Details

    • Type: Improvement Improvement
    • Status: Open
    • Priority: Minor Minor
    • Resolution: Unresolved
    • Affects Version/s: None
    • Fix Version/s: None
    • Component/s: core, extras
    • Labels:
      None

      Description

      In CLK-633, the API was upgraded to use type safe collections. The remaining internal parts of Click should also be upgraded.

        Activity

        Hide
        Bob Schellink added a comment -

        I'm not sure the cost outweighs the benefit. The OptionOrGroup feels awkward to me especially the OptionGroupi#getValue method. What do others think?

        Show
        Bob Schellink added a comment - I'm not sure the cost outweighs the benefit. The OptionOrGroup feels awkward to me especially the OptionGroupi#getValue method. What do others think?
        Hide
        Finn Bock added a comment -

        Making the Select control typesafe requires some non trivial changes. In the typesafe-select.patch I have shown my take on it.

        The main change is a common interface for both Option and OptionGroup (unimaginative called OptionOrGroup).

        A typesafe use of by the DataProvider becomes:

        select.setDataProvider(new DataProvider<OptionOrGroup>() {
        public Iterable<OptionOrGroup> getData()

        { List<OptionOrGroup> list = new ArrayList<OptionOrGroup>(); list.add(...); return list; }

        });

        Show
        Finn Bock added a comment - Making the Select control typesafe requires some non trivial changes. In the typesafe-select.patch I have shown my take on it. The main change is a common interface for both Option and OptionGroup (unimaginative called OptionOrGroup). A typesafe use of by the DataProvider becomes: select.setDataProvider(new DataProvider<OptionOrGroup>() { public Iterable<OptionOrGroup> getData() { List<OptionOrGroup> list = new ArrayList<OptionOrGroup>(); list.add(...); return list; } });
        Hide
        Adrian A. added a comment -

        > I also suggest we leave WebappResourceLoader as-is since it was copied from Velocity and will complicate tracking changes.
        +1.
        Unless we need our own customized version, it's simpler to track changes if it's kept unmodified.

        > Also what is the difference between Map<String, Object> and Map<String, ?>
        > CayenneTemplate uses this notation so I'm curious what are the advantages of that?
        The wildcard '?' is of "any type" so it's more than just 'Object'.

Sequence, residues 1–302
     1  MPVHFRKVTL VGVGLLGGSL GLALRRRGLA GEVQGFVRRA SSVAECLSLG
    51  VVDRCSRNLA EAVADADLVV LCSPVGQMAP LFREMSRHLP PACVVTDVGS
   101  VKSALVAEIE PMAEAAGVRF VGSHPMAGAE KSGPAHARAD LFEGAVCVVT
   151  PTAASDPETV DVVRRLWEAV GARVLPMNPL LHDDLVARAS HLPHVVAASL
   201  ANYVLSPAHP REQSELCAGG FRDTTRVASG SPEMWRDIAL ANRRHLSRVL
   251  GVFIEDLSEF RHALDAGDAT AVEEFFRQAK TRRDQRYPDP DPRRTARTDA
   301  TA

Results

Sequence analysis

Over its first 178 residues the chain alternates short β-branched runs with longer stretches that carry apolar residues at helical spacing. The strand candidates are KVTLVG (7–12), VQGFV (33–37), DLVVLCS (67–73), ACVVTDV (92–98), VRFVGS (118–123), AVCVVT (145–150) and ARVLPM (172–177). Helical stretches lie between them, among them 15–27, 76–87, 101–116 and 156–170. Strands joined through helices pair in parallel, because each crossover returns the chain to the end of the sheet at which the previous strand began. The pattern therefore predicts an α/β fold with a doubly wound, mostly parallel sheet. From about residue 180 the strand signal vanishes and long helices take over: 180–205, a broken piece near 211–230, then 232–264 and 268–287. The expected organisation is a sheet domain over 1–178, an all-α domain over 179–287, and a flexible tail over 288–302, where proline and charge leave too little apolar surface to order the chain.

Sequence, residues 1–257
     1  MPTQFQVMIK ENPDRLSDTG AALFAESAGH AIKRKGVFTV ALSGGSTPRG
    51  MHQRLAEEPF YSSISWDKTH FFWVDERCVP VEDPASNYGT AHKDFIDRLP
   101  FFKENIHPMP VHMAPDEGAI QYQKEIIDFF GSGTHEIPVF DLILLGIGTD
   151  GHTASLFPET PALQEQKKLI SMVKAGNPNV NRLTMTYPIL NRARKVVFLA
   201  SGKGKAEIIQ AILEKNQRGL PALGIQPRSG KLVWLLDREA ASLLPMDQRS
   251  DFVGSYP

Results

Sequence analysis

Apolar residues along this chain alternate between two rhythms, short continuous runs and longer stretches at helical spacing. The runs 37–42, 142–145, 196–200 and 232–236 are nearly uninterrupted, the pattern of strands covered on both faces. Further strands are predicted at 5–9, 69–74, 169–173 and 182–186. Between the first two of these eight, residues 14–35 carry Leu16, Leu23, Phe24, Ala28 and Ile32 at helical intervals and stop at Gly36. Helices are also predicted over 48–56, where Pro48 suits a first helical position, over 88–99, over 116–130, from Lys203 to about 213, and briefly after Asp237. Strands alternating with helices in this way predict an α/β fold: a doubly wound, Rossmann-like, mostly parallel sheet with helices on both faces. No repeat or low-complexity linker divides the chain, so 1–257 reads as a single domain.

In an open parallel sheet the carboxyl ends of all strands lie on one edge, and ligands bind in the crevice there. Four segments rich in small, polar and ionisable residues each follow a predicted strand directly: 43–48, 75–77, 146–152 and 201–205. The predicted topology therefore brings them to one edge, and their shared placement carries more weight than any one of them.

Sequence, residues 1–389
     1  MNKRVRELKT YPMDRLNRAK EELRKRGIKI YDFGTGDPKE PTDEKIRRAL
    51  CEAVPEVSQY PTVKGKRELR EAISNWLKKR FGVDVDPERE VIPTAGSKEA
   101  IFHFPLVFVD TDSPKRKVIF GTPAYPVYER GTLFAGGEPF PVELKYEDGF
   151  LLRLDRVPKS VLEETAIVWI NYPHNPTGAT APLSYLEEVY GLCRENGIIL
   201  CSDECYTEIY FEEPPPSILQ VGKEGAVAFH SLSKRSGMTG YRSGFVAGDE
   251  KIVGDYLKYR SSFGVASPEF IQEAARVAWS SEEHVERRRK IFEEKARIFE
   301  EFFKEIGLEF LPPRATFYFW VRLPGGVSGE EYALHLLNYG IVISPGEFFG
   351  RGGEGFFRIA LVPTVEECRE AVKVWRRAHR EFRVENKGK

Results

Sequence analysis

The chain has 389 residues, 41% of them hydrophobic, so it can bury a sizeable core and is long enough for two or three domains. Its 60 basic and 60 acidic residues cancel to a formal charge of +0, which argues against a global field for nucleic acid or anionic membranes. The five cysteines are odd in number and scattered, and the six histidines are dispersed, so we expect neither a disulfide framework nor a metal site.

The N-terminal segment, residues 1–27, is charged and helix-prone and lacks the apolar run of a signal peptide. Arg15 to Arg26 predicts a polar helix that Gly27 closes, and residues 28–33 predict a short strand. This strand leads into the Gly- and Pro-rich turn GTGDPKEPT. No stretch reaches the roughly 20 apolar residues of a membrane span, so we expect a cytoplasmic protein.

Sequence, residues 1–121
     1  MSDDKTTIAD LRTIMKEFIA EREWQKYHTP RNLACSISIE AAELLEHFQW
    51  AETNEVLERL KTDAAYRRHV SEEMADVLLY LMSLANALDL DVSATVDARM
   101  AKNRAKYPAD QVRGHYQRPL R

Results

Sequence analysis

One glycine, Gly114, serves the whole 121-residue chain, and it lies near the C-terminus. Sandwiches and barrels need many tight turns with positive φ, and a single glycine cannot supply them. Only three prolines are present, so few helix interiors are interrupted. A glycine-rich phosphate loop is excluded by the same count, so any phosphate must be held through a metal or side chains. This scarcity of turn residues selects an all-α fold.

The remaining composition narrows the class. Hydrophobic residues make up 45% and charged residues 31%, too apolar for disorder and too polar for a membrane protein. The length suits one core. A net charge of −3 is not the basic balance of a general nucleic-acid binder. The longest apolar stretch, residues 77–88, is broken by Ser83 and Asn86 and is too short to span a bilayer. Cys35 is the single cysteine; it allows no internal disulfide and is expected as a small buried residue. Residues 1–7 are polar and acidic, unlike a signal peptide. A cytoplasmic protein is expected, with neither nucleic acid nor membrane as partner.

e.g. a better explanation here:
        http://tutorials.jenkov.com/java-generics/wildcards.html

        Show
        Adrian A. added a comment - > I also suggest we leave WebappResourceLoader as-is since it was copied from Velocity and will complicate tracking changes. +1. Unless we need our own customized version, it's simpler to track changes if it's kept unmodified. > Also what is the difference between Map<String, Object> and Map<String, ?> > CayenneTemplate uses this notation so I'm curious what are the advantages of that? The wildcard '?' is of "any type" so it's more than just 'Object'. e.g. a better explanation here: http://tutorials.jenkov.com/java-generics/wildcards.html
        Hide
        Bob Schellink added a comment -

        I've noticed some of the collection generics are using Map<String, String> where it was Map before. In essence that means moving from Map<Object, Object> to Map<String, String> which will break backward compatibility. It also makes programming against it more cumbersome, for example if you have a Map where the values are Integers, one will have to convert them to Strings before continuing. We could use toString on these values internally.

        Some examples are:

        RadioGroup.java:
        public void addAll(Map<String, String> options) {

        public static void autoPostRedirect(HttpServletRequest request, HttpServletResponse response, String target, Map<String, String> params, boolean compress) {

        I also suggest we leave WebappResourceLoader as-is since it was copied from Velocity and will complicate tracking changes.

        Also what is the difference between Map<String, Object> and Map<String, ?>

        CayenneTemplate uses this notation so I'm curious what are the advantages of that?

        Show
        Bob Schellink added a comment - I've noticed some of the collection generics are using Map<String, String> where it was Map before. In essence that means moving from Map<Object, Object> to Map<String, String> which will break backward compatibility. It also makes programming against it more cumbersome, for example if you have a Map where the values are Integers, one will have to convert them to Strings before continuing. We could use toString on these values internally. Some examples are: RadioGroup.java: public void addAll(Map<String, String> options) { public static void autoPostRedirect(HttpServletRequest request, HttpServletResponse response, String target, Map<String, String> params, boolean compress) { I also suggest we leave WebappResourceLoader as-is since it was copied from Velocity and will complicate tracking changes. Also what is the difference between Map<String, Object> and Map<String, ?> CayenneTemplate uses this notation so I'm curious what are the advantages of that?

          People

          • Assignee:
            Finn Bock
            Reporter:
            Finn Bock
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            Dates

            • Created:
              Updated:

              Development